September 21, 2005

Computer Science Prof Wins MacArthur 'Genius Award'

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When Prof. Jon M. Kleinberg ’93, computer science, got a telephone call from someone who claimed to represent The John D. and Catherine T. MacArthur Foundation, he was skeptical. Kleinberg, the caller said, was to be awarded a MacArthur Fellowship, arguably the most coveted grant in the United States.

Could he the butt of some scheming academic’s cruel practical joke?

As the caller continued, Kleinberg, who devoted much of his early career at IBM to improving Internet search engines, went to Google and entered the nine-digit number that appeared on his Caller ID.

Sure enough, the messenger was legit. And Kleinberg was suitably shocked.

“It was a complete surprise,” Kleinberg said. “I don’t think I was really able to digest the news over the course of the phone call.”

Since 1981, the John D. and Catherine T. MacArthur Foundation has used the unrestricted, “no-strings-attached” grant to recognize extraordinary achievement, creativity, potential and preeminence. Its near-universal nickname is the “Genius Award.” Each beneficiary is awarded $500,000, which he is allowed to spend however he chooses.

The selection process for the fellowship is top-secret. The MacArthur Foundation does not accept unsolicited nominations and recommendations; instead, invited experts, all of whom work for the Foundation anonymously, recommend colleagues from their respective, varied disciplines. A selection committee, whose membership is also unknown, culls a handful of winners from hundreds of recommendations.

According to the Foundation’s website, Kleinberg was recognized, in part, for his extensive research on network theory, a new cross-disciplinary field of study that he and several Cornell colleagues have pioneered.

According to Kleinberg, network theory is “an area that is springing up at the boundary of computer science, social science, and applied math, which is driven by the realization that lots of phenomena in everyday life, technology, and science are about networks.”

For instance, complex networks manifest themselves in people’s friendships, relationships with business associates and in molecular biology.

Kleinberg has come up with an algorithm that tries to answer the question of how pathways are found in networks. It can be applied to, among other things, peer-to-peer networks and online communities.

In an email to The Sun, Prof. Charles Van Loan, chair of the Department of Computer Science, emphasized the importance of Kleinberg’s work.

“By inventing the calculus, Newton and others made it possible for physicists to explain the natural world,” Van Loan wrote. “By advancing the state of ‘network science’ with inventive ideas and techniques, Jon and others are making it possible for computer scientists to explain the information world.”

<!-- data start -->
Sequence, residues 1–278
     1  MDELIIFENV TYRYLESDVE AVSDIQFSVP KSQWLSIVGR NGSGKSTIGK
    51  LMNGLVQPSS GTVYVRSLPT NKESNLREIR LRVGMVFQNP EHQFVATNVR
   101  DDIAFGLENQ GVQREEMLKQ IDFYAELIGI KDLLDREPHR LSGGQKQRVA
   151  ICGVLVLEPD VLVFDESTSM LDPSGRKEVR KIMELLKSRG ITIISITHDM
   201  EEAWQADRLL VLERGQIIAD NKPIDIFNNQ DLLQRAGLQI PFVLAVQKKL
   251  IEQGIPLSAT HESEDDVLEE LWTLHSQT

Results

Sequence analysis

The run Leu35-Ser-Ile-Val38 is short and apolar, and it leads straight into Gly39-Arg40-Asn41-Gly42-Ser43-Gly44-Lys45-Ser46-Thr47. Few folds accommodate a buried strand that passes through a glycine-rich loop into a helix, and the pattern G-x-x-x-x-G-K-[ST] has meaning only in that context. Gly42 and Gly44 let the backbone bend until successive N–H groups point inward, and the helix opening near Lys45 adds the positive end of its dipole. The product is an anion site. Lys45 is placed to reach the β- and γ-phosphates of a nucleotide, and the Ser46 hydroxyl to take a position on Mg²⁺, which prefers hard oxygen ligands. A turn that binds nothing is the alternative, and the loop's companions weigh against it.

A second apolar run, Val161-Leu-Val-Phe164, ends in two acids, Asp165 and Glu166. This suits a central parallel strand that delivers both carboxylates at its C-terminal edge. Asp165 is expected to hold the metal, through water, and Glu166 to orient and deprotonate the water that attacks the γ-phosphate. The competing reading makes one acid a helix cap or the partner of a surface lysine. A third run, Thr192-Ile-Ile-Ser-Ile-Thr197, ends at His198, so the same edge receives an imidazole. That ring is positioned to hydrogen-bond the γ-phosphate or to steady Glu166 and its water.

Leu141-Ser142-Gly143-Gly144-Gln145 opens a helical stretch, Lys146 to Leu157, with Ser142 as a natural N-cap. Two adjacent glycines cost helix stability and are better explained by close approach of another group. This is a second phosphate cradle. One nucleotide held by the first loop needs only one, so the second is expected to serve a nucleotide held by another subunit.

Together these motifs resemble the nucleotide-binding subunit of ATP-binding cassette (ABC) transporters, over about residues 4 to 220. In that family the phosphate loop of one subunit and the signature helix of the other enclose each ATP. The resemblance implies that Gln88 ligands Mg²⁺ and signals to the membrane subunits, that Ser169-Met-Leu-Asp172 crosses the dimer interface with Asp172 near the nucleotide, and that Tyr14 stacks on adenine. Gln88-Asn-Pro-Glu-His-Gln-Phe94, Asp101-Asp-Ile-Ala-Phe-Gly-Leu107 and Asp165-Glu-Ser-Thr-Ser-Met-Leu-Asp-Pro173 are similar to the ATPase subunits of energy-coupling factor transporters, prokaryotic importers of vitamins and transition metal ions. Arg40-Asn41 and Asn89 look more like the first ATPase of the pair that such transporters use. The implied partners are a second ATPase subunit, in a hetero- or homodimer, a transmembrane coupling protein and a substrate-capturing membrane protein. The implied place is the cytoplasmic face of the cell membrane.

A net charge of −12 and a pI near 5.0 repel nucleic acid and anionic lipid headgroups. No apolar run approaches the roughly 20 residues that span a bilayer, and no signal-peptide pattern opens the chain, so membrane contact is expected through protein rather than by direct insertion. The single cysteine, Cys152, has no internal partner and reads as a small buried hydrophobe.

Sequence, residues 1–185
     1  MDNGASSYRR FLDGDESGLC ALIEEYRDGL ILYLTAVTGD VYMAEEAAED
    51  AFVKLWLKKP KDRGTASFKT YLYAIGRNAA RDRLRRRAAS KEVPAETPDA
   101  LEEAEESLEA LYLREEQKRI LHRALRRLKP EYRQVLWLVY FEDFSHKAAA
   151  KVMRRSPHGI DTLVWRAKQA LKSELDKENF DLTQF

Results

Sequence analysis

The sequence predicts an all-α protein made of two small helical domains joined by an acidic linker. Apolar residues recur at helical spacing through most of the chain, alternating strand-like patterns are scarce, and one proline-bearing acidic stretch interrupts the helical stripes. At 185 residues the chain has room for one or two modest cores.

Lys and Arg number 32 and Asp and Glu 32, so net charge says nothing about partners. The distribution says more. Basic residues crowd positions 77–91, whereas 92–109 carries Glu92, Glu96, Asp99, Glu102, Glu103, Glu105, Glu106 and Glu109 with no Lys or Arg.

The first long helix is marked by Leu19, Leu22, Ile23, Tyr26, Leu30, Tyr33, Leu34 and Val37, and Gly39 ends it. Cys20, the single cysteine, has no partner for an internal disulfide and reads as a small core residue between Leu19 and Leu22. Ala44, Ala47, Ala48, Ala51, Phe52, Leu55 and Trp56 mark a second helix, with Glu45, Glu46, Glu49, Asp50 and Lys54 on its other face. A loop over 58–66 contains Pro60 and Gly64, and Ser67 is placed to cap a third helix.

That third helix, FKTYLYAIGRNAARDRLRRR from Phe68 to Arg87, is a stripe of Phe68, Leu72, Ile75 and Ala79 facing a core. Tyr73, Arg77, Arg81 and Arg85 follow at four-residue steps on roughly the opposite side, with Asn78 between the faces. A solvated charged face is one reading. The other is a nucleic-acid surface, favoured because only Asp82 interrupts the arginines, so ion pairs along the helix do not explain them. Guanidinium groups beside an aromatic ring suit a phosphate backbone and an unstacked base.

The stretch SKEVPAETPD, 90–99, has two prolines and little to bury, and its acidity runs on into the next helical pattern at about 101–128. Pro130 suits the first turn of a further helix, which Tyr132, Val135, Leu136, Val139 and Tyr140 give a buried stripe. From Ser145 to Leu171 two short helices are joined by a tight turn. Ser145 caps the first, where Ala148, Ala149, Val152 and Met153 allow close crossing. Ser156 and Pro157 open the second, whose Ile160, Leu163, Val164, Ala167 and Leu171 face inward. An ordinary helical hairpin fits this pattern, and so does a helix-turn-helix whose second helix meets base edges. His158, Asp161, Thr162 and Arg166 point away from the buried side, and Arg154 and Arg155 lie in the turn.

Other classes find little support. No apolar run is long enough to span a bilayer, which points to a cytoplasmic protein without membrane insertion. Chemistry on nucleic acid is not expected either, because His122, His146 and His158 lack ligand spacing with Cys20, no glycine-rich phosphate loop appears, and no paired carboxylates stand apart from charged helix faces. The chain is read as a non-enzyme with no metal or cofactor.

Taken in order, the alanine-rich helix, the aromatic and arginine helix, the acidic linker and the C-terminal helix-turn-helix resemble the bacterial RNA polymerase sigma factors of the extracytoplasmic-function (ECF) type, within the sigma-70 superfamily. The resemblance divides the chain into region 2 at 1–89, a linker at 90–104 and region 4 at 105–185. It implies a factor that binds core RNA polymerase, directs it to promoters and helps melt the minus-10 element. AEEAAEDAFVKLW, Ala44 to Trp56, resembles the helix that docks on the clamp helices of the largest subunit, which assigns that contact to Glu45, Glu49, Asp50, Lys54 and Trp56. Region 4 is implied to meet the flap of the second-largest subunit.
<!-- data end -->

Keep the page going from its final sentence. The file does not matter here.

As an undergraduate at Cornell, Kleinberg majored in mathematics and computer science. He gives credit to professors who willingly and often eagerly offered to mentor undergraduates.

“One thing I benefited from considerably was Cornell’s ongoing tradition of trying to involve undergraduates in research very early,” Kleinberg said. He said the computer science department “tries to encourage undergraduates as early as possible to start working on real problems.”

Today, many of his former professors are his colleagues and professional collaborators. He has welcomed the opportunity to work further with two in particular: Prof. Éva Tardos, computer science, and Prof. Daniel P. Huttenlocher, Stephen H. Weiss Presidential Fellow and John P. and Rilla Neafsey Professor of Computing, Information Science and Business. He had studied under both of them in the early 90s.

“It’s amazing to be able to work with them as colleagues this many years later,” Kleinberg said. Kleinberg laughs about the MacArthur Fellowship’s nickname, which, he points out, is something that the media has played up. Van Loan, however, thinks the label fits.

“Genius is not about I.Q., although there is plenty of that with Jon,” Van Loan stated. “In our setting, it’s about research intuition, sharing ideas with students and bringing out the best in everybody who works in our department. Jon is off-scale in each of these directions.”

When asked about his plans for the prize money, Kleinberg said, “It’s a completely unexpected and very exciting opportunity, and I’m going to think carefully about how I’m going to use it.”

Archived article by David Austin Gura
Sun Senior Writer